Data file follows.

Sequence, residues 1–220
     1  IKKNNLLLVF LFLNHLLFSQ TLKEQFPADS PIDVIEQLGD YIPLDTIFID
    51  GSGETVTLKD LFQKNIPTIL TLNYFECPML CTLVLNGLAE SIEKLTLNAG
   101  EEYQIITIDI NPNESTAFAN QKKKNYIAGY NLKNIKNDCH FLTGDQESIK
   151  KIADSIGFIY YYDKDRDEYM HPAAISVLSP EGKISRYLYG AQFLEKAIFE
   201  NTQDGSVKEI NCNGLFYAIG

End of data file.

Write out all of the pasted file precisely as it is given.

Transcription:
Sequence, residues 1–220
     1  IKKNNLLLVF LFLNHLLFSQ TLKEQFPADS PIDVIEQLGD YIPLDTIFID
    51  GSGETVTLKD LFQKNIPTIL TLNYFECPML CTLVLNGLAE SIEKLTLNAG
   101  EEYQIITIDI NPNESTAFAN QKKKNYIAGY NLKNIKNDCH FLTGDQESIK
   151  KIADSIGFIY YYDKDRDEYM HPAAISVLSP EGKISRYLYG AQFLEKAIFE
   201  NTQDGSVKEI NCNGLFYAIG